The international company that owns the airport facilities is also part government agency. Therefore, they have the right under Australian law to take the land once the owners are adequately compensated. The problem is that Darryl and the other residents don’t want to sell for any price. Darryl decides to go to the administrative appeals court. Believing that all he has to do is explain his case to a judge, Darryl bellows, “It's not a house, it's a home. A man's home is his castle.” Therefore they can’t take his house. Needless to say, this does not impress the judge who orders the condemnation to stand.

Darryl enlists the aid of his solicitor, Dennis Denuto (Tiriel Mora), a very low-level attorney who is having severe problems with his photocopier. He also lost Wayne's case and must have gone to the Sunshine Tech College of Law and Sheep Shearing. Dennis takes their case to the Federal Court were he argues that the taking is illegal because its against the general ‘vibe’ of the Australian Constitution. As before, the judge is not impressed, especially when Dennis approaches the bench and asks the judge if he’s on the right tract.

Fortunately for Darryl, while waiting for the judge’s verdict, he strikes up a conversation with a friendly elderly fellow (Charles "Bud" Tingwell-a well known character actor) who he learns is retired, but in court to see his son’s first time before the bar. After learning he lost the case, Darryl is extremely depressed and the family prepares to pack up. Then at a knock on the door, it’s the elderly fellow who turns out to have been a constitutional lawyer and has looked into their case and wants to take it to the Supreme Court.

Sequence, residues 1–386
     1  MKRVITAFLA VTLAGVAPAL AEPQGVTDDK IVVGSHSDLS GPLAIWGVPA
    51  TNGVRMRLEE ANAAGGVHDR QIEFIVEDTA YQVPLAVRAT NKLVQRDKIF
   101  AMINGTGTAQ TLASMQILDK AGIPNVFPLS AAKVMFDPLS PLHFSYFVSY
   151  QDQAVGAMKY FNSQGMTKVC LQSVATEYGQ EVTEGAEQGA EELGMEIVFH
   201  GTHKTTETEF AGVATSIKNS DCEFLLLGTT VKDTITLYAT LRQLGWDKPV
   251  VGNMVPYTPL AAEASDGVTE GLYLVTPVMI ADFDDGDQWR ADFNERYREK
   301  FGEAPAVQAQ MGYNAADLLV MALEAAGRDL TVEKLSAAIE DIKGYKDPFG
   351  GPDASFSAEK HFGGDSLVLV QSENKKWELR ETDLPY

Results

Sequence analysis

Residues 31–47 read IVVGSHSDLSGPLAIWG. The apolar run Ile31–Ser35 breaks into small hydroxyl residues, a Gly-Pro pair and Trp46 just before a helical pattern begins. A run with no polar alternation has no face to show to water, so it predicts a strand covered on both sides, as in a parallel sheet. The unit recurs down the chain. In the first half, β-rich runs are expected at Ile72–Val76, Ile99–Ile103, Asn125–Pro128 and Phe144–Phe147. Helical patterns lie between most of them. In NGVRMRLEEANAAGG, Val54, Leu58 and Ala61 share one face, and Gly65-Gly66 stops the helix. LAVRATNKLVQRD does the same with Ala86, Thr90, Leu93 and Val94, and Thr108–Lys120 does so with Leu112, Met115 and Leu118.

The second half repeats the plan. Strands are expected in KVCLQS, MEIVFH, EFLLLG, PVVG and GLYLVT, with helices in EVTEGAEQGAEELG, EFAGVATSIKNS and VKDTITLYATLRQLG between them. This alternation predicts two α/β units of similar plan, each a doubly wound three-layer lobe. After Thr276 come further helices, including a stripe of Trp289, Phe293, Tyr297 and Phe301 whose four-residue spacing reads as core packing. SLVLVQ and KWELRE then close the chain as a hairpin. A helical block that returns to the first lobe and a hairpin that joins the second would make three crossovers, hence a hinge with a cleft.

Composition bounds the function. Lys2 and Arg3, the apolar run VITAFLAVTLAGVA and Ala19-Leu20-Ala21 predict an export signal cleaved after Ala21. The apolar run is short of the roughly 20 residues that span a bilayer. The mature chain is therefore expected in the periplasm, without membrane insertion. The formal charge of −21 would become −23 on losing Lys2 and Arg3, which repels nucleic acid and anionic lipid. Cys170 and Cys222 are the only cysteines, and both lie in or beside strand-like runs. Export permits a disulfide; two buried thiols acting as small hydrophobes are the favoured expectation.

"The Castle," directed by Rob Sitch, is fantastically funny film full of the kind of eccentric characters that inhabited many of the 50s and 60s British comedies, especially those with Alex Guinness and the other well known character actors of the time. It is the type of film that will never again be made by Hollywood. Ordinary working class people are treated in a non-defacing manner with the humor laughing with them rather than at them. Hollywood would have treated them like back-woods red-neck white trash. It also does not treat the corporation wishing to expand the airport as some vast evil conspiracy that must be defeated through some sort of socialist reform. It is a story about everyday people who go to extraordinary and hilarious lengths to save their home and maintain their ideals. Ok, the corporation does send a goon around to ‘give them a message’, but Darryl deals with them by stealing the corporate president’s front gate.

This is one of the most wittily written films I have seen in years. No scrape of dialog diverges from the humorous intent of the film. There is none of the typical superfluous verbiage that inhabits most Hollywood comedies. The performances were dead-on and entirely believable with Dale’s plain faced narration heightening the humor. I so enjoyed watching this film that I did something I now rarely ever do: I watched the tape twice before I took it back to the shop. It is sure to become one of my favorite films of all time.